A 1969 Broadway musical won three Tony Awards for its look at the origins of the Declaration of Independence.
The tune explores the ideology of conservatism. Its adherents “never go off half-cocked” and are “reluctant to be bold,” when conservatism values cautious, incremental change and is weary of grand developments. The classic take on this position was enunciated by Edmund Burke, in his “Reflections on the Revolution in France” (1790):
A disposition to preserve, and an ability to improve, taken together, would be my standard of a statesman.
Still the tune is widely criticized for using “left” and “right” to refer to ideological positions, since the terms were not known at the time the musical takes place. Left and right came from the French Revolution a few years later. Further, the designation originally referred to supporters of the revolution on one side and supporters of the King, on the other (left and right sides of the legislature, respectively). The distinction has come to refer to the level of state involvement in individual lives that an ideology accepts, with the left being more tolerant, and the right, not as much.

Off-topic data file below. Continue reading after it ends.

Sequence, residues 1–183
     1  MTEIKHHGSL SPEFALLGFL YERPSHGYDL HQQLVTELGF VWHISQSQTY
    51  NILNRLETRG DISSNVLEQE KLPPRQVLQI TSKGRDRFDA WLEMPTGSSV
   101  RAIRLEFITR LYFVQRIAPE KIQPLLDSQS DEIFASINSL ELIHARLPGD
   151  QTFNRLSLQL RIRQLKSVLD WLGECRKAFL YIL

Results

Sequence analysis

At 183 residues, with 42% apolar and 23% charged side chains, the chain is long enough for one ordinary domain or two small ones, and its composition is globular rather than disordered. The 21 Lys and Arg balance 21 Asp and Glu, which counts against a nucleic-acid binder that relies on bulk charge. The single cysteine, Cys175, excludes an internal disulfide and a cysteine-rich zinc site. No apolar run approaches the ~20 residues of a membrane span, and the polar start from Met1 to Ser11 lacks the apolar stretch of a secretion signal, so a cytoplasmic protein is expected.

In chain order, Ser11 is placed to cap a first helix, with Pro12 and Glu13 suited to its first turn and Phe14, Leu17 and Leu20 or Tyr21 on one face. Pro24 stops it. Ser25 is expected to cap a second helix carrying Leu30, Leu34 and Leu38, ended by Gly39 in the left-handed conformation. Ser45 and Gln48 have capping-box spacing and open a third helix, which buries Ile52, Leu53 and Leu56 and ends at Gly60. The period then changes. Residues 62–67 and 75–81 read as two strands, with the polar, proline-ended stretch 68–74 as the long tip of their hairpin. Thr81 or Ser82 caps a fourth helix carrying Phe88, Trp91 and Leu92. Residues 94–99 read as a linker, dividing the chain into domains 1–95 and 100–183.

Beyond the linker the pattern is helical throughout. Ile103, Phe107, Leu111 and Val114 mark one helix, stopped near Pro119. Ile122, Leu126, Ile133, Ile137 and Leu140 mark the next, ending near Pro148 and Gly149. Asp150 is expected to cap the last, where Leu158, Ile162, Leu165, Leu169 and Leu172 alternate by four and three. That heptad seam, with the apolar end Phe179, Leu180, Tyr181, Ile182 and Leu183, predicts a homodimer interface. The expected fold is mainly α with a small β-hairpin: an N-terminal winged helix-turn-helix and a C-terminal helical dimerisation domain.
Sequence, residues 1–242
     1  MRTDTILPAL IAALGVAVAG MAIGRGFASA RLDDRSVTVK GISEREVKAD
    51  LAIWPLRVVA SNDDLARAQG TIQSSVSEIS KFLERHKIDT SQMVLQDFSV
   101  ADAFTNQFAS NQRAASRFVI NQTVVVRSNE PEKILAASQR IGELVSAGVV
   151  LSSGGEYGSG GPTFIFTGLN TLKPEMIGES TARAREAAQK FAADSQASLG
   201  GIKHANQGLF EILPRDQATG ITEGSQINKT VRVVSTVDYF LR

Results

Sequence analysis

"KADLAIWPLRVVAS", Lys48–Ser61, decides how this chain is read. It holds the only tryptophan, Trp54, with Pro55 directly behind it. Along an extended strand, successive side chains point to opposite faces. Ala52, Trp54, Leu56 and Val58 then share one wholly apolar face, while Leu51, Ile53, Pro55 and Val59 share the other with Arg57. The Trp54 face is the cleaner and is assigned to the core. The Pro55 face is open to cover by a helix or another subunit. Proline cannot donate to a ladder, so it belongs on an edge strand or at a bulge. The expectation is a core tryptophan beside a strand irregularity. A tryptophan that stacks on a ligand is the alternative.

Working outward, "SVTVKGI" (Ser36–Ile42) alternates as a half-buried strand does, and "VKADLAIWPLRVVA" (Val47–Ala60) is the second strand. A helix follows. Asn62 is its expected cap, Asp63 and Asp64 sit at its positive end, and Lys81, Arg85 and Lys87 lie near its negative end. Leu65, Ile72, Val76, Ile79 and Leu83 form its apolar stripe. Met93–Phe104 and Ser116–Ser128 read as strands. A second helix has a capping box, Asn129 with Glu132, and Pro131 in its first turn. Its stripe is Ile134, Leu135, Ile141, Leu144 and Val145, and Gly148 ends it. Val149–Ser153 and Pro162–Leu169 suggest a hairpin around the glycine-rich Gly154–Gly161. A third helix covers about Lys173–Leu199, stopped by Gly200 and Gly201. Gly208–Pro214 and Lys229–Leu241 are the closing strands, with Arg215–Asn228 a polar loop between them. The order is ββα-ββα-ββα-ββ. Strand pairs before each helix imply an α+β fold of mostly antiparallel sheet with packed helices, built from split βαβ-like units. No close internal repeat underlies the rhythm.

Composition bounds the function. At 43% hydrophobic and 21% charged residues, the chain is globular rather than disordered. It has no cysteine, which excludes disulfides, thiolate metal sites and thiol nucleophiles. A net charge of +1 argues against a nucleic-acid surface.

Also from this musical: The Egg